Farm Boy, City Girl: From Gene to Miss Gina

Farm Boy to City Girl is a unique, historical retelling of Gene’s (Miss Gina’s) discovery of their sexuality across decades. What makes this LGBTQ+ biography truly special is that it’s told in 3 parts – Farm Boy (1931-1949), Transition (1950-1959) and City Girl (1960-). Instead of getting just a glimpse of what life was like for LGBTQ+ people several decades ago, or in current times, we get what is truly a rare treat – following Gene’s (Miss Gina’s) story through many very important shifts in society and its acceptance, understanding the rights surrounding the LGBTQ+ community. 

Farm Boy to City Girl is essentially two life stories connected by a transition. It begins with Gene’s life growing up on rental farms in Iowa during the depression as a strict catholic farm boy. It’s here that we get an understanding of not only the time period but of Gene’s family life and how that eventually plays into the story of his sexuality and the struggle he has with acceptance. From there we enter the transition years, where Gene moves to Cedar Rapids and eventually St. Louis, which is where he begins to fully accept his sexuality and gender identity, exploring gay bars and drag shows, lovers and friends and ultimately begins living his life in the city as Miss Gina. Life as Miss Gina is suddenly put on hold after a sudden death that sends him back to Iowa to live on his family’s farm and face the difficult family drama that waits for him there. Gene eventually returns to city life in Cedar Rapids and St. Louis and dives fully into his identity and life as Miss Gina, through the ups and downs of what faced and continues to face LGBTQ people in the Midwest. We see just what courage it takes to live unapologetically in a world that will do everything to make being truly yourself harder.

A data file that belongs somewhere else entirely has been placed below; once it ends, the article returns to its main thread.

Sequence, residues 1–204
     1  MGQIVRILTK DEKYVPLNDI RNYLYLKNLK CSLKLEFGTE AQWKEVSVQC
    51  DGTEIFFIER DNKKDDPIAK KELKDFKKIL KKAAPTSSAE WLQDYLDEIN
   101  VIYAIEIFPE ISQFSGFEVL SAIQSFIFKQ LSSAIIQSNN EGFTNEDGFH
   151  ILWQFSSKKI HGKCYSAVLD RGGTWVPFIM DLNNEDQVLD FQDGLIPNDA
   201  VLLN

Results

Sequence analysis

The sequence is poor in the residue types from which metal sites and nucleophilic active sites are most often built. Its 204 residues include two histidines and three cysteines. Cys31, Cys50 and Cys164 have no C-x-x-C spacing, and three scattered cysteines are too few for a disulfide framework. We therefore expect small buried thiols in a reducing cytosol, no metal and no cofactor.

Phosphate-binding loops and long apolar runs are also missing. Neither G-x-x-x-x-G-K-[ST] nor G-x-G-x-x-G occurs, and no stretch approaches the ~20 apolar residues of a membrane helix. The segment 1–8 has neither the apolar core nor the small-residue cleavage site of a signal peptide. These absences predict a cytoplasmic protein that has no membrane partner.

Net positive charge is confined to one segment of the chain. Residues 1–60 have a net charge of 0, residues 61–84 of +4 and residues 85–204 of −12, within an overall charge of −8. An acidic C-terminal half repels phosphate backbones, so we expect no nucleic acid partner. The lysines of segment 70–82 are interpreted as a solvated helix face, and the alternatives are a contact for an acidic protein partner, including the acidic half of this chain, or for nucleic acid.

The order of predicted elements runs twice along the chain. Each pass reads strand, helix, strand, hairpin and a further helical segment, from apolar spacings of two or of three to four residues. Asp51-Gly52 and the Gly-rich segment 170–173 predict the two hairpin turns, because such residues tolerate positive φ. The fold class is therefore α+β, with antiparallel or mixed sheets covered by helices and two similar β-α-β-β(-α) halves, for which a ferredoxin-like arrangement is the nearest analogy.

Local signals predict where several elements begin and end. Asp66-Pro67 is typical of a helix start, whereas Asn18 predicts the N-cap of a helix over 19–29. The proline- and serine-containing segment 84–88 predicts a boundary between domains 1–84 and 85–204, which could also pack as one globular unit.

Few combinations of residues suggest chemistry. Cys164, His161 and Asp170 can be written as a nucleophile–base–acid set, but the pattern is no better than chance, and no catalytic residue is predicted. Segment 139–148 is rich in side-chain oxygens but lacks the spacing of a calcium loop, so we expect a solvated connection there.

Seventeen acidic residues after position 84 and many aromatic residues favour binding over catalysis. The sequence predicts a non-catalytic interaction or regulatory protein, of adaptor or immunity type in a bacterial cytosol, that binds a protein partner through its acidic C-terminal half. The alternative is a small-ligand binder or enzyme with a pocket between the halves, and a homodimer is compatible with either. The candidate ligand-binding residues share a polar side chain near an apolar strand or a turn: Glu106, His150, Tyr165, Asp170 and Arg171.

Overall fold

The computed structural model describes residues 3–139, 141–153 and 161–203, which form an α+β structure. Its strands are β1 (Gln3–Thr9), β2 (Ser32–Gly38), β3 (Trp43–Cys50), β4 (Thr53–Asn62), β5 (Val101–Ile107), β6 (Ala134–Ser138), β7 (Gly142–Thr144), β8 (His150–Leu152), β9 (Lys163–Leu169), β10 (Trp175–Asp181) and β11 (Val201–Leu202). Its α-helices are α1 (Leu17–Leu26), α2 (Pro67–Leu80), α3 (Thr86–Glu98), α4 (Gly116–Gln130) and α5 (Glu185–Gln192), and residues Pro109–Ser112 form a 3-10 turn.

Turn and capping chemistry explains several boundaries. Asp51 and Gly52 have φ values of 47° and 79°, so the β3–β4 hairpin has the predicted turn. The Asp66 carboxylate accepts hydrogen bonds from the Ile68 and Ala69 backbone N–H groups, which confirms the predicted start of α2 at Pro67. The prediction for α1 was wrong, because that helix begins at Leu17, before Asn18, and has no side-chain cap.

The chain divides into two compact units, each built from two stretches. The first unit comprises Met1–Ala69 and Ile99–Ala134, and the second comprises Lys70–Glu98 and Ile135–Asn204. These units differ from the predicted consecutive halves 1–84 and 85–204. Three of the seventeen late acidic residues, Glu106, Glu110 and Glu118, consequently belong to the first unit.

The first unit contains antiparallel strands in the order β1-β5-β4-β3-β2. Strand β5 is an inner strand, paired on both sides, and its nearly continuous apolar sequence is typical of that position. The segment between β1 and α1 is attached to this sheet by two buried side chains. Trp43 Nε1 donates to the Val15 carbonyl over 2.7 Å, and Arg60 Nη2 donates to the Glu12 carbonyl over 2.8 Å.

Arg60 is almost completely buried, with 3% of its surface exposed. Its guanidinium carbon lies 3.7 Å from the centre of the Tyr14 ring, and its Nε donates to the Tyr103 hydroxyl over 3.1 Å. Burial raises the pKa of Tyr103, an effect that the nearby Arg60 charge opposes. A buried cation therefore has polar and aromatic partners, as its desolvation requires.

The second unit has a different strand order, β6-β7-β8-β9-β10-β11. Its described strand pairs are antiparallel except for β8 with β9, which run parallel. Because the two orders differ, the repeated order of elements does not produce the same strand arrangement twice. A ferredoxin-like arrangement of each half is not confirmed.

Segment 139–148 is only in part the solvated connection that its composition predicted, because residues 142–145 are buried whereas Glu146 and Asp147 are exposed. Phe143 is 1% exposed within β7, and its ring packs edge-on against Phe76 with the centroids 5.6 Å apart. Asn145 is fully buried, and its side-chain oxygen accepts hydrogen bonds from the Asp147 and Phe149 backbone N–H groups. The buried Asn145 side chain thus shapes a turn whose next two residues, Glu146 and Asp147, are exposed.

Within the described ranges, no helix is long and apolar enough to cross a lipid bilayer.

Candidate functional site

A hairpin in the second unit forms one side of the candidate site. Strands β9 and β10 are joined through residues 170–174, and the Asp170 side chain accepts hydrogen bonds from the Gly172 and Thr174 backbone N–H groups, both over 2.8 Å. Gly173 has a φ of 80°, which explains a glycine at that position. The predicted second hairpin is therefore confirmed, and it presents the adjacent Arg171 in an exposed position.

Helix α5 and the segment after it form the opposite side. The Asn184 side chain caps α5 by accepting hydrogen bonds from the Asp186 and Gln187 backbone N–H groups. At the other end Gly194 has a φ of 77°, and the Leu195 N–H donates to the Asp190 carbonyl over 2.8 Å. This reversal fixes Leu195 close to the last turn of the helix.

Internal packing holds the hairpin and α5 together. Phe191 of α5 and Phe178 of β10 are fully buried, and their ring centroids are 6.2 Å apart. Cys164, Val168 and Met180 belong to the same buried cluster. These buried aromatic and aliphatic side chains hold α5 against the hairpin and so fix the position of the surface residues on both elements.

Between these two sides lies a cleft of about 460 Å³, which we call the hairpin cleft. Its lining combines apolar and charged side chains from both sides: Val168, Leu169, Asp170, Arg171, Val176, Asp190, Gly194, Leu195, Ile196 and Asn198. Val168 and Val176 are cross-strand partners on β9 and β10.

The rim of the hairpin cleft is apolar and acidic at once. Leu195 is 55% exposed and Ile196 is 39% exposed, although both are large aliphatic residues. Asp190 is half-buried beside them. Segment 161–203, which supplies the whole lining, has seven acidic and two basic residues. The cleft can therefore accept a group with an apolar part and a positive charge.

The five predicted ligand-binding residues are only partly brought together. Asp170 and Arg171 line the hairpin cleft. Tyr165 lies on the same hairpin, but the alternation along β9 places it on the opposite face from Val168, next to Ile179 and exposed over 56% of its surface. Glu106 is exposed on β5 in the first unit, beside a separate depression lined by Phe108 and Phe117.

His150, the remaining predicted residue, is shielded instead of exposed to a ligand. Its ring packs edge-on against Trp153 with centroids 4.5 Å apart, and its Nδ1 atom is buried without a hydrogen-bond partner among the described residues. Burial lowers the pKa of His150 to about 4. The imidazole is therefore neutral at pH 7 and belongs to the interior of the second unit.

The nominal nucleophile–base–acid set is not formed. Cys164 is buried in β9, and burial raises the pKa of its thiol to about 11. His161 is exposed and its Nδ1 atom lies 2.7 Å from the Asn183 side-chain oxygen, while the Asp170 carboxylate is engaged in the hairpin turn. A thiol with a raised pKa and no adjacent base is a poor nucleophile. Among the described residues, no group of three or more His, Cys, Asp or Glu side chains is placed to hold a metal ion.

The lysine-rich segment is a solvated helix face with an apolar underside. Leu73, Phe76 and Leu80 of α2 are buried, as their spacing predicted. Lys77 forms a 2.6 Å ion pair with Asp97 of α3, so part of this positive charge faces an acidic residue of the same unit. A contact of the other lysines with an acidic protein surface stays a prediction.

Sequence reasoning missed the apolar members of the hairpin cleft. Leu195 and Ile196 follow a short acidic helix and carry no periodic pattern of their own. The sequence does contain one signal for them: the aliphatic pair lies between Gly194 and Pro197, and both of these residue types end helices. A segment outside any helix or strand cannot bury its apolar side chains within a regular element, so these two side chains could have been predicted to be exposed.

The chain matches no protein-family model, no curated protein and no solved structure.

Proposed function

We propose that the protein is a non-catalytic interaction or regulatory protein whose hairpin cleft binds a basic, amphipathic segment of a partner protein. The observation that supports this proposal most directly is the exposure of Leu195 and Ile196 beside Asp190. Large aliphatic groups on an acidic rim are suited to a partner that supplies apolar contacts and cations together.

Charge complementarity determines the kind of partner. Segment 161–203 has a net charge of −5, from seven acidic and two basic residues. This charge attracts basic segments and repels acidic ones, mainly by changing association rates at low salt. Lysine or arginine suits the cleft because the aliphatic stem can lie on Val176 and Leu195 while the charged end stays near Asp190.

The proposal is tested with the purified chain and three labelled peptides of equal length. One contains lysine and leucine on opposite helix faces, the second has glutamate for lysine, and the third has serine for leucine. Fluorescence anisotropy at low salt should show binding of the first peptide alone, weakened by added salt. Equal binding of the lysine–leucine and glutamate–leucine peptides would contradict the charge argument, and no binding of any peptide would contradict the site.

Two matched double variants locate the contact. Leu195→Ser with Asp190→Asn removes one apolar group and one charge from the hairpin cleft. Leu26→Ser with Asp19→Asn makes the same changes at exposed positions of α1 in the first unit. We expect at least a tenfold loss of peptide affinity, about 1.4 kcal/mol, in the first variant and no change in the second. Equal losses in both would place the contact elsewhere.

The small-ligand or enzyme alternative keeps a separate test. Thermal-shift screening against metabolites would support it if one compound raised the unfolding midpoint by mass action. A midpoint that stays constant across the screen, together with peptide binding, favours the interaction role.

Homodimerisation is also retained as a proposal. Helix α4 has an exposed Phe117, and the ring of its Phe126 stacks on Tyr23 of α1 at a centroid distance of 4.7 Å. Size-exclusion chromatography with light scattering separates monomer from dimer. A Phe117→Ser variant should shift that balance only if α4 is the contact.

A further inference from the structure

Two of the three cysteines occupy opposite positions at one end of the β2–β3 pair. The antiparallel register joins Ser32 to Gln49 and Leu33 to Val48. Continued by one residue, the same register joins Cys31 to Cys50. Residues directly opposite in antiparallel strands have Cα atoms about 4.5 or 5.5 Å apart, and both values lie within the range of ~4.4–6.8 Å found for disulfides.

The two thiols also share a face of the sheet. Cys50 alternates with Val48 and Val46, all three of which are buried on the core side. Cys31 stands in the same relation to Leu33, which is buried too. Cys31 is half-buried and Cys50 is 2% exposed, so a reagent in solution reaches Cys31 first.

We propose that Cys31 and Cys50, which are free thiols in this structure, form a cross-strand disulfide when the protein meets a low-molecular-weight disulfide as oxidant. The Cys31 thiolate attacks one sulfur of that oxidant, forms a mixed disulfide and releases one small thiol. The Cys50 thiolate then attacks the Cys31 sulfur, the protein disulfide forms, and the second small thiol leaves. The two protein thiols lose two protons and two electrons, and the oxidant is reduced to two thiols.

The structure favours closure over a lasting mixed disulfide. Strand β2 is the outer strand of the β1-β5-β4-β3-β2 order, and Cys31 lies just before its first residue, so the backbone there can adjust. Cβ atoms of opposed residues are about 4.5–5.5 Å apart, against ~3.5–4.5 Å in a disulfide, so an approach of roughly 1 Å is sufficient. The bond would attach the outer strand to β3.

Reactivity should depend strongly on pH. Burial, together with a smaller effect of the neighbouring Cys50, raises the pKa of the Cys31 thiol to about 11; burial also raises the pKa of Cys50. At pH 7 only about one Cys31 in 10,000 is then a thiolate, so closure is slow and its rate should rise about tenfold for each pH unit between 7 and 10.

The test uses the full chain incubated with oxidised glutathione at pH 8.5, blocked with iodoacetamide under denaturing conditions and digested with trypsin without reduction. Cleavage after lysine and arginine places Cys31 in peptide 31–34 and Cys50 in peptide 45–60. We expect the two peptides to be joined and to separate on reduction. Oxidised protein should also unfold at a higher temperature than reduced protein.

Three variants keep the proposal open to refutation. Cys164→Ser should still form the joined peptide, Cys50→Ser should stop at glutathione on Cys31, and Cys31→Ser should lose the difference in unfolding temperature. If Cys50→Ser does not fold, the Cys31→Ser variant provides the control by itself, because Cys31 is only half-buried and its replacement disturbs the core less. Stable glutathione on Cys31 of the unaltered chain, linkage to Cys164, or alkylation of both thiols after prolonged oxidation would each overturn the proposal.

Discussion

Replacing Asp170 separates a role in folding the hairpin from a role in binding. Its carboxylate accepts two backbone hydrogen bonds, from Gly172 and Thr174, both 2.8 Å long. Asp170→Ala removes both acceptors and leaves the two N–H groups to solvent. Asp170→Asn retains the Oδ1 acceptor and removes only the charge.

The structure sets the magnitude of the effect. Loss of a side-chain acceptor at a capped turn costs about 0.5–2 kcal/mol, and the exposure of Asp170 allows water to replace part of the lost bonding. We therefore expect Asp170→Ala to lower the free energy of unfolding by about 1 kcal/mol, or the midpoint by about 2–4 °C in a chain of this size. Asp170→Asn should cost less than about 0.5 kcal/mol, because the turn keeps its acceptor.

I absolutely loved the rare glimpse into what it meant to be gay and gender-fluid in the 20th century. We get so many stories of what it is to be LGBTQ in our modern day but rarely do we get to see a story that not only sheds light on the depression-era 20th century but also every era between then and now. My only issue is that the first part (Farm Boy) can be a little difficult to follow as there are lots of names being thrown around given Gene’s large family, but if you take the time to flip back to his explanation of the family tree in the very beginning of the book it becomes easier to grasp who he’s talking about and how they play into the story and the family as a whole. Overall, this is such an important book.

Pages: 260 | ASIN: B088JVPBJ5

Buy Now From B&N.com

About Literary Titan

The Literary Titan is an organization of professional editors, writers, and professors that have a passion for the written word. We review fiction and non-fiction books in many different genres, as well as conduct author interviews, and recognize talented authors with our Literary Book Award. We are privileged to work with so many creative authors around the globe.

Posted on September 30, 2020, in Book Reviews, Four Stars and tagged , , , , , , , , , , , , , , , , , , , , , , , , , . Bookmark the permalink. Leave a comment.

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